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Guide to

National World War II Memorial

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About

The National World War II Memorial honors all 16 million people who served as part of the American armed forces, including the more than 400,000 who gave the ultimate sacrifice for their country. The memorial sits along the central vista of the National Mall, at the east end of the Reflecting Pool. It contains 56 granite columns that symbolize unity among the 48 states, seven federal territories and the District of Columbia. The Freedom Wall of 4,048 Gold Stars pays tribute to American lives lost at war, while dozens of battle names and military campaign destinations are also on display. Two 43-foot tall structures highlight America’s victory on the Atlantic and Pacific fronts during World War II. According to the National Park Service, 4.4 million people visit the memorial each year, including many World War II veterans as part of the Honor Flight Network.

The National World War II Memorial honors all 16 million people who served as part of the American armed forces, including the more than 400,000 who gave the ultimate sacrifice for their country. The memorial sits along the central vista of the...
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History

World War II veteran Roger Durbin proposed the memorial to Rep. Marcy Kaptur from Ohio in 1987, and the World War II Memorial Act was eventually approved in 1993. Fundraising began in 1994, with total donations reaching $197 million. The location was settled upon in 1995, and a nationwide design competition saw Friedrich St. Florian’s proposal selected in 1997. Construction began in 2001 and was completed in 2004. On May 29 of that year, a reunion of veterans was held on the National Mall, followed by a dedication by President George W. Bush, whose father and former president was among the 16 million to serve in the Second World War.

World War II veteran Roger Durbin proposed the memorial to Rep. Marcy Kaptur from Ohio in 1987, and the World War II Memorial Act was eventually approved in 1993. Fundraising began in 1994, with total donations reaching $197 million. The location...
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Experience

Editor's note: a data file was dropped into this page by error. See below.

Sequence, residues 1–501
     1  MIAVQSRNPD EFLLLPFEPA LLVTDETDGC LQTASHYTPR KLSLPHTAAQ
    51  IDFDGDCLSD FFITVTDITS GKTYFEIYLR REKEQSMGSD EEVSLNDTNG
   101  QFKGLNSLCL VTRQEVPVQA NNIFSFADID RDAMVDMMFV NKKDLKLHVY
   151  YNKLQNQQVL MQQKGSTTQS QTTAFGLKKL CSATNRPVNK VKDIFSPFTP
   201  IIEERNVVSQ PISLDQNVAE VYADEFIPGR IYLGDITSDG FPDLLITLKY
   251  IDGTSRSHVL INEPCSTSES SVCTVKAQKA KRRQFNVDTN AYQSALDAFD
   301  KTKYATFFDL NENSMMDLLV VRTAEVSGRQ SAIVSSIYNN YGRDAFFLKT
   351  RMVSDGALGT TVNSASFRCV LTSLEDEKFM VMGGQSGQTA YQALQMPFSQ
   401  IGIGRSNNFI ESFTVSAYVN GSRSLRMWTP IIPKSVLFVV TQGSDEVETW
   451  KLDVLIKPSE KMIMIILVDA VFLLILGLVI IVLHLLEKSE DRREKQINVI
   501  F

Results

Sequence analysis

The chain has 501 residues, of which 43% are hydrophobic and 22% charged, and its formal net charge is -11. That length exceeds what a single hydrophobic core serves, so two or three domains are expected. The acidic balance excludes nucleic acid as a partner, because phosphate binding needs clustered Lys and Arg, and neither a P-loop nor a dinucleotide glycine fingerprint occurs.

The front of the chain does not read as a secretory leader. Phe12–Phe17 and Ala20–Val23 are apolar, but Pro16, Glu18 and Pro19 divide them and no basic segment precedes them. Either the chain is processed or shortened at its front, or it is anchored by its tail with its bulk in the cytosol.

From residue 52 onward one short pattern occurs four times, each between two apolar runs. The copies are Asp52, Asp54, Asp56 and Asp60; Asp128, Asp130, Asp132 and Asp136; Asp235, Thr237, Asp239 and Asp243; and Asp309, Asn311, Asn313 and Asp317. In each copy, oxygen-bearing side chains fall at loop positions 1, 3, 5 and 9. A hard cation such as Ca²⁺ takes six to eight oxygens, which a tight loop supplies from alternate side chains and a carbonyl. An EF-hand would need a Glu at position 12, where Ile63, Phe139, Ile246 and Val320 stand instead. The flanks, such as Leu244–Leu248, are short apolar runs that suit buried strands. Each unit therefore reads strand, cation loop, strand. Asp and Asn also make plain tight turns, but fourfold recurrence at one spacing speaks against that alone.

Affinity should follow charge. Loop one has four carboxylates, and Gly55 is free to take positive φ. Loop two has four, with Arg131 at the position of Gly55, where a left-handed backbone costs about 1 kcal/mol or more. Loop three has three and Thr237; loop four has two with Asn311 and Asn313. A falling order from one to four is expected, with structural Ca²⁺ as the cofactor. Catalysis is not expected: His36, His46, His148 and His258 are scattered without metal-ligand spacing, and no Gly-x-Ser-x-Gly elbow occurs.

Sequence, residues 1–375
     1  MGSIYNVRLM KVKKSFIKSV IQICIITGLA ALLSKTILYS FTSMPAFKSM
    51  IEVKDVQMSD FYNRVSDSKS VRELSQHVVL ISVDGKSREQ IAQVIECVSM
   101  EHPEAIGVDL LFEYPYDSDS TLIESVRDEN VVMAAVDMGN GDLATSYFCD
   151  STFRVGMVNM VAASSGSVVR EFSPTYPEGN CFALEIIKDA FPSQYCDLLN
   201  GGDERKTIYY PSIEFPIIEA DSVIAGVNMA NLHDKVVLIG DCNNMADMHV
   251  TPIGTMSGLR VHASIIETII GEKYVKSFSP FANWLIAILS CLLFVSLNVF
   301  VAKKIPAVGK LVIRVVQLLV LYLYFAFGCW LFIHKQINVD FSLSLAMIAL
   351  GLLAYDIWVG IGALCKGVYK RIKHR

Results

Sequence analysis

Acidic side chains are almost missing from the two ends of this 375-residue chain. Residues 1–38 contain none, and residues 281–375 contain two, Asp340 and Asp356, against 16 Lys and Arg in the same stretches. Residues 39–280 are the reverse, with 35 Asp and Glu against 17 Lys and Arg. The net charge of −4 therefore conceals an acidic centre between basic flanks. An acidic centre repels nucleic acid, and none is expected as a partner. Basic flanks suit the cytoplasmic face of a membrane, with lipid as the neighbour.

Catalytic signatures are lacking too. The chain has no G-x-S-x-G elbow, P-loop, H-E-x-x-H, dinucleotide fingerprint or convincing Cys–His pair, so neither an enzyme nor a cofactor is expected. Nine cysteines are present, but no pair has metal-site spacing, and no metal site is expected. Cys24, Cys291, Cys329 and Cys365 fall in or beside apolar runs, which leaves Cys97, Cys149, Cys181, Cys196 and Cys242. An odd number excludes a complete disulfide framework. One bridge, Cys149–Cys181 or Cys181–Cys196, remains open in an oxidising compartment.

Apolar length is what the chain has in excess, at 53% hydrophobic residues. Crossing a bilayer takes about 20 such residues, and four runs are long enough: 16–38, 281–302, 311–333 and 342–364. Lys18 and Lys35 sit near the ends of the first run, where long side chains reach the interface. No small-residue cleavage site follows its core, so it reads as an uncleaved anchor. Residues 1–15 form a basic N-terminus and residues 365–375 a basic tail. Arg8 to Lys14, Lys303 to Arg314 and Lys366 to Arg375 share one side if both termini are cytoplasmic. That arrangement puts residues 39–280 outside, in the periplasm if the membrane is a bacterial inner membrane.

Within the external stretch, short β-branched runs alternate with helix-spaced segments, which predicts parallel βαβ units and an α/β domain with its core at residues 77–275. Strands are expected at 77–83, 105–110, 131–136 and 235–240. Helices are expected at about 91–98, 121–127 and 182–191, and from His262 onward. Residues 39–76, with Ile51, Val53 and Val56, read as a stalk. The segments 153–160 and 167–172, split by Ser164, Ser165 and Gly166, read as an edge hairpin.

The World War II Memorial is free and open to the public 24 hours a day. Park Rangers are on duty to answer questions from 9:30 a.m. to 11:30 p.m. daily. Interpretive programs are provided every hour on the hour from 10 a.m. to 11 p.m.

The World War II Memorial is free and open to the public 24 hours a day. Park Rangers are on duty to answer questions from 9:30 a.m. to 11:30 p.m. daily. Interpretive programs are provided every hour on the hour from 10 a.m. to 11 p.m.
Getting There
The most convenient way to reach the World War II Memorial is by Metrobus or Metro. There are two Metro stations close by: Smithsonian and Federal Triangle, both located on the Orange and Blue lines. As for the bus, take either the 32, 34 or 36...

The most convenient way to reach the World War II Memorial is by Metrobus or Metro. There are two Metro stations close by: Smithsonian and Federal Triangle, both located on the Orange and Blue lines. As for the bus, take either the 32, 34 or 36 Metrobus routes. If traveling by car, visitor parking is available along Ohio Drive, as well as limited handicapped parking. However, note that street parking is scarce nearby.

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What’s Nearby
The World War II Memorial is located at the center of the National Mall, making all of the other monuments and memorials easily accessible. At the other end of the Reflecting Pool lies the Lincoln Memorial, flanked by the Vietnam Veterans Memorial...

The World War II Memorial is located at the center of the National Mall, making all of the other monuments and memorials easily accessible. At the other end of the Reflecting Pool lies the Lincoln Memorial, flanked by the Vietnam Veterans Memorial and the Constitution Gardens. The FDR Memorial and Jefferson Memorial are to the immediate south, while the White House is within close walking distance. It is also in proximity to the Holocaust Museum, East Potomac Park and the Southwest Waterfront.

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Did You Know?
The memorial includes two engravings of “Kilroy was here,” a symbol that represents the presence of American soldiers during WWII.The monument’s plaza is 337 feet, 10 inches long and 240 feet, two inches wide.The groundbreaking of the memorial...
  • The memorial includes two engravings of “Kilroy was here,” a symbol that represents the presence of American soldiers during WWII.
  • The monument’s plaza is 337 feet, 10 inches long and 240 feet, two inches wide.
  • The groundbreaking of the memorial took place in the same September as the 9/11 attacks.
  • The memorial was opened to the public a month before its dedication, on April 29, 2004.
  • The World War II Memorial Act was signed into law by President Bill Clinton.
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